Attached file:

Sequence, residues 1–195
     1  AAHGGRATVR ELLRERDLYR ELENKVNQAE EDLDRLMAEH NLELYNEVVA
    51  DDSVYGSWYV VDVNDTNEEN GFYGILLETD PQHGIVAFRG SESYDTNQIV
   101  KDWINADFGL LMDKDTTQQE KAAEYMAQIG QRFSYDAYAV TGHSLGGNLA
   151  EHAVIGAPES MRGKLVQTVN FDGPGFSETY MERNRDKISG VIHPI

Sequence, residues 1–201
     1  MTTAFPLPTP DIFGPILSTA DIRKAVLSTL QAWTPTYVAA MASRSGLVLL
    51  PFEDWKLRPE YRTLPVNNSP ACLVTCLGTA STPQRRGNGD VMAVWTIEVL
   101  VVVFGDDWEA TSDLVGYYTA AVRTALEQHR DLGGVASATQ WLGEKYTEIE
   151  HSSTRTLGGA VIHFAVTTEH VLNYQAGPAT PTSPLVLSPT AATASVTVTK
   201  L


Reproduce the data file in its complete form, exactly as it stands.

Sequence, residues 1–195
     1  AAHGGRATVR ELLRERDLYR ELENKVNQAE EDLDRLMAEH NLELYNEVVA
    51  DDSVYGSWYV VDVNDTNEEN GFYGILLETD PQHGIVAFRG SESYDTNQIV
   101  KDWINADFGL LMDKDTTQQE KAAEYMAQIG QRFSYDAYAV TGHSLGGNLA
   151  EHAVIGAPES MRGKLVQTVN FDGPGFSETY MERNRDKISG VIHPI

Sequence, residues 1–201
     1  MTTAFPLPTP DIFGPILSTA DIRKAVLSTL QAWTPTYVAA MASRSGLVLL
    51  PFEDWKLRPE YRTLPVNNSP ACLVTCLGTA STPQRRGNGD VMAVWTIEVL
   101  VVVFGDDWEA TSDLVGYYTA AVRTALEQHR DLGGVASATQ WLGEKYTEIE
   151  HSSTRTLGGA VIHFAVTTEH VLNYQAGPAT PTSPLVLSPT AATASVTVTK
   201  L